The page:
Degenerative Discs


The spine is made up of bones called vertebrae. These bones are separated intervertebral discs, which act as shock absorbers and allow the spine to bend.

As people age, discs age, too. They are not as flexible anymore, because they lose fluid and shrink, moving vertebrae closer together. This natural aging process is called degenerative disc disease (even though it is not a disease-related condition). Most often, degenerative disc disease is found in discs of the low back and the neck.

The disc is made up of two main parts: the firm outer layer and the soft inner layer. When a disc is damaged, the outer layer can tear, causing the inner layer to bulge, leak or break off and place pressure on nerves roots in the spine, which can cause pain in other areas of the body. Even if the degenerative disc does not press on any nerves, you can still experience achiness in your back or neck.

While the term “degenerative” suggests the condition gets worse over time, this is often not the case. Discs degenerate in everyone, but degenerative disc symptoms caused by this condition can be improved and even completely resolved.

Degenerative discs can cause the facets to be more painful when pressure increases. It is called lumbar facet syndrome when a disc collapses and begins to move abnormally.


  • Natural aging process (can be asymptomatic)
  • Can be more common in people who smoke
  • Can be more common in people who often do physical labor
  • Trauma leading to a herniated disc can lead to degenerative disc disease


  • Low back ache
  • Pain, numbness or weakness in other areas of the body depending on where on the spine the disc has herniated. You may experience shooting or radiating pain in your arms, leg or neck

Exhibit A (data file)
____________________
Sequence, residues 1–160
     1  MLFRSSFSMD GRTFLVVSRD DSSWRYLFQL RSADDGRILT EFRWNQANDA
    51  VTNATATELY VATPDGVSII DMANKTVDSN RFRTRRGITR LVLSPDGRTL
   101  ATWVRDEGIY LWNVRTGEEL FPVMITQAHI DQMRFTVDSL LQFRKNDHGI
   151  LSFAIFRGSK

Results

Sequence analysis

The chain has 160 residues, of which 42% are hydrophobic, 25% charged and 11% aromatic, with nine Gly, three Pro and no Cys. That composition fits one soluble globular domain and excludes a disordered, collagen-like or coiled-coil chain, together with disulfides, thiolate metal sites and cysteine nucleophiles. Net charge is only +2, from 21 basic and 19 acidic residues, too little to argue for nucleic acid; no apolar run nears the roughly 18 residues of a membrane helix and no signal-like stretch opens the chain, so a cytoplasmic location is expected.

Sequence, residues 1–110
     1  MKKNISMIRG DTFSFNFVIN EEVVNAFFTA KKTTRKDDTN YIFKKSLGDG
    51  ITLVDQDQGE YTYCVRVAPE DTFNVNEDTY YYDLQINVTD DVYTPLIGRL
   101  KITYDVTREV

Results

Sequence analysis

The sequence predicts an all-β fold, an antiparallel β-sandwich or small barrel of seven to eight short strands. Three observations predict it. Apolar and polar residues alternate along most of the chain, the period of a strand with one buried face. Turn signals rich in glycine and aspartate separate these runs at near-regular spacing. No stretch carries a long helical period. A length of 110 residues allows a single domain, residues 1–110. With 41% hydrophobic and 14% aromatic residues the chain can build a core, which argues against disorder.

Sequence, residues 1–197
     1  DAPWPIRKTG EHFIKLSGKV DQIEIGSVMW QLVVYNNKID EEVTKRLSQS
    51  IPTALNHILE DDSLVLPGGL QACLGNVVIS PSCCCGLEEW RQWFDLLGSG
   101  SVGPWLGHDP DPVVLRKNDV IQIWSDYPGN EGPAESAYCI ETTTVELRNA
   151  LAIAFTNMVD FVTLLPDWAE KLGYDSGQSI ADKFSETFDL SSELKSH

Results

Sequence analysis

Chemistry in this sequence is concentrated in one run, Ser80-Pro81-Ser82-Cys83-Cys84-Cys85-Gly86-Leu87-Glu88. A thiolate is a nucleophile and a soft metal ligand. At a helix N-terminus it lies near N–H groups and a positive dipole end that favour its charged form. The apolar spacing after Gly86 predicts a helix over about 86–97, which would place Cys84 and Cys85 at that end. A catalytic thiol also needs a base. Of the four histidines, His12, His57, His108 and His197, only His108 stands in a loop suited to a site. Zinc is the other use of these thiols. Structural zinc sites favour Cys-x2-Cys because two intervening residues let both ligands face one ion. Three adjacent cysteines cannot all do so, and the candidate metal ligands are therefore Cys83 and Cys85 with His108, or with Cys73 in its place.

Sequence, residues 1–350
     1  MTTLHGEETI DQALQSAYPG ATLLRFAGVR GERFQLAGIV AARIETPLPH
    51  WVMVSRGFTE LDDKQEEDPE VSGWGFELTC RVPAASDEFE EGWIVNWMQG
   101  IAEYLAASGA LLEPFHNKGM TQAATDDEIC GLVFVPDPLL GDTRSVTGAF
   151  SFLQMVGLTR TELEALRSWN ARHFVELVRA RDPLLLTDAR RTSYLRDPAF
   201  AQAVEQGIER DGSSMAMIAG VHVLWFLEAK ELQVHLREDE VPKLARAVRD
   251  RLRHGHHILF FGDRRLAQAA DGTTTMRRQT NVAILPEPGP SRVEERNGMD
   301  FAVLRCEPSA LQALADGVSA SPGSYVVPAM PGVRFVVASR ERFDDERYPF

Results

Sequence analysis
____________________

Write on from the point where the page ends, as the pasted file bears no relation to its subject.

• Loss of bladder and/or bowel control
    • If you have these symptoms, seek medical help immediately your nearest Emergency Room or hospital
  • Muscle pain
  • Muscle spasms
  • Loss of range-of-motion


One of our physicians will give a physical exam to identify degenerative disc symptoms. A herniated disc can also be diagnosed by X-ray, MRI or CT scan.


Coastal Spine has several methods of providing degenerative disc treatments.

  • Physical therapy: Often, herniated discs can be treated non-surgically by strengthening the muscles of the back and core through physical therapy and exercise. This treatment also includes stretching exercises and traction that help relieve pain
  • If physical therapy alone does not relieve the pain, cortisone injections or epidural steroid injections by our specialty-trained physical medicine and rehabilitation physicians will be directed to the pinched nerve or nerves in question. Often, a series of these may help to break the pain cycle
  • Medication: Our specialists are likely to prescribe anti-inflammatory medications to help reduce swelling issues associated with a herniated disc
  • If pain continues, then surgery may be needed. Degenerative disc disease surgery is usually performed using minimally invasive techniques by our board-certified, fellowship- and specialty-trained surgeons
  • Some surgical options for back pain due to degenerative discs include minimally invasive fusion or an artificial disc replacement